The Cruise Ship Wastewater Science Advisory Panel reviewed a draft statement to be presented to the Alaska State Legislature in 2013 when its members met in Juneau Sept. 19 – 21. The panel also spent a day answering public questions and collecting public comments.
The panel was convened in 2009 by the Legislature to consider use of technology to meet water quality standards for release of treated wastewater from cruise ships visiting Alaskan waters. A public initiative passed in 2006 required wastewater standards to be met at the point of discharge. The Legislature eased the requirements and the Alaska Department of Environmental Conservation re-wrote the cruise industry’s wastewater permit in 2010 to allow for dilution before pollutant levels are tested.
The panel’s draft recommendation to the Legislature concluded that new technologies would not create a significant difference to pollution levels at the point of discharge. Water quality discharge levels can only be met currently through a mixing zone that flows down the side of the ship and is churned up in the trailing wake.
The draft statement does not include response to public comment.
Supporters of Alaska’s wastewater testing program were joined by some with questions about certain panel assumptions during public comment on the second and third day of the meetings.
David A. Wetzel is the owner and president of Admiralty Environmental, the company that does wastewater monitoring for cruise ships in Alaska.
He said he was impressed with the effort and the conclusions of the science panel.
“There is a remarkable amount of consistency between the different systems out there and how well they are treating the water,” Wetzel said. “That speaks a lot the efforts the ships are making and making sure they are using the systems right.”
Wetzel said he encourages the panel to maintain its stance of looking for reasonable regulations that are going to provide the greatest environmental benefit at this point.
Local activists Chip Thoma with Responsible Cruising of Alaska and Joe Geldhof requested the cruise industry dump waste in Juneau's upcoming municipal treatment system or, barring that, dump offshore to mitigate impact to waters in the inside passage. Thoma questioned the panel’s finding that dilution of pollutants is the right way to deal with wastewater discharge.
Guy Archibald, Mining and Clean Water Coordinator for the Southeast Alaska Conservation Council said the panel failed to consider several issues such as whether the released pollutants end up in ocean sediment or the tissues of marine organisms, what affect wastewater discharge has on the image of wild Alaska seafood and to the health of a population whose diet is heavily dependent on seafood, among other concerns.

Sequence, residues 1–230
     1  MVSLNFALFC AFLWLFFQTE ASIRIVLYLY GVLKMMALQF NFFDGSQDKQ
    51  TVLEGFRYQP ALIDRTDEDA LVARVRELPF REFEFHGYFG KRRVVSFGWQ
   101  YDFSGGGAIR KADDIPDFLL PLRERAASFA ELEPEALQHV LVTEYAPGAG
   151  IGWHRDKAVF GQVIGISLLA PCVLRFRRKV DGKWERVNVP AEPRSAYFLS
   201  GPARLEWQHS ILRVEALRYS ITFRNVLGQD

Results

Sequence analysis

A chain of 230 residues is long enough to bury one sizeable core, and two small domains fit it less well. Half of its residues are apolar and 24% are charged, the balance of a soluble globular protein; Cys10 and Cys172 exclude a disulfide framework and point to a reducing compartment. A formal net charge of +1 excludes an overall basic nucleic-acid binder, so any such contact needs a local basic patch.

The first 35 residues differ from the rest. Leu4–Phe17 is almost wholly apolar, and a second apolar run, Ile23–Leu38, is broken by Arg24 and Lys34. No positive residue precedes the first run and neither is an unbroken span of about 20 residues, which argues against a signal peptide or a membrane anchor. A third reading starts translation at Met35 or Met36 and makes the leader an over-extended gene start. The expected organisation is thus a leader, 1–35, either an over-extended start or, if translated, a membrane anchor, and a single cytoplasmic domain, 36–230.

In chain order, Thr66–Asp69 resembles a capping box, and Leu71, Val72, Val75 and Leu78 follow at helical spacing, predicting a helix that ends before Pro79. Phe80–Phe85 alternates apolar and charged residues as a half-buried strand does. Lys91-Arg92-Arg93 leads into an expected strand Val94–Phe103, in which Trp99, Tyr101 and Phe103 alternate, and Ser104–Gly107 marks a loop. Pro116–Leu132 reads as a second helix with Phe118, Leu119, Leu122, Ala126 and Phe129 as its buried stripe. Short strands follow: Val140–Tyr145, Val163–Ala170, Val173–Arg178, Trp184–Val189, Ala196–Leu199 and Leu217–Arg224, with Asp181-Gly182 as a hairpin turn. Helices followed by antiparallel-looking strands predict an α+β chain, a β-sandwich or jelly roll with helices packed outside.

The panel expects to have a final draft of its statement to the Legislature by late October.
On a parallel track, the ADEC cruise ship wastewater program plans to work on a new wastewater permit for the 2013 cruise season. The permitting process will include public comment. Rob Edwardson ADEC cruise ship program manager said the agency plans to have the permit finalized before the current permit expires in April 2013.
The panel is made up of an international group of scientists and industry leaders:
• Mark Buggins, environmental superintendent of a coastal Alaska city.
• Kenneth J. Fisher, P.E. U.S. Public Health Service Engineer Officer and senior representative to the State of Alaska with the Environmental Protection Agency's, Alaska Operations Office.
• Reinaldo A. González, Ph.D. environmental engineer.
• Juha Kiukas, managing director for a firm specializing in Marine Environmental Consulting to wastewater treatment system suppliers and cargo, ferries, and cruise ships operators.
• Lincoln Loehr, environmental compliance analyst for the law firm of Stoel Rives LLP in Seattle.
• Steve Reifenstuhl, executive director for a fisheries conservation alliance.
• Michelle Ridgway, a marine ecologist, owner of Oceanus Alaska Marine Ecological Services and founder of Alaska Deep Ocean Science Institute.
• Bert Sazon, senior marine inspector in Sector Juneau's Vessel Inspections Division.
• Silke Schiewer, Ph.D. associate professor in the Department of Civil and Environmental Engineering at the University of Alaska Fairbanks.
• Simon Véronneau, Ph.D. associate researcher at the HEC Montreal Supply Chain Research Group and the inter-university research center on enterprise networks, logistics and transportation.
• Thomas Weigend, naval architect and head of the Sales and Design Department of Meyer Werft.
• Contact reporter Russell Stigall at 523-2276 or at email@example.com.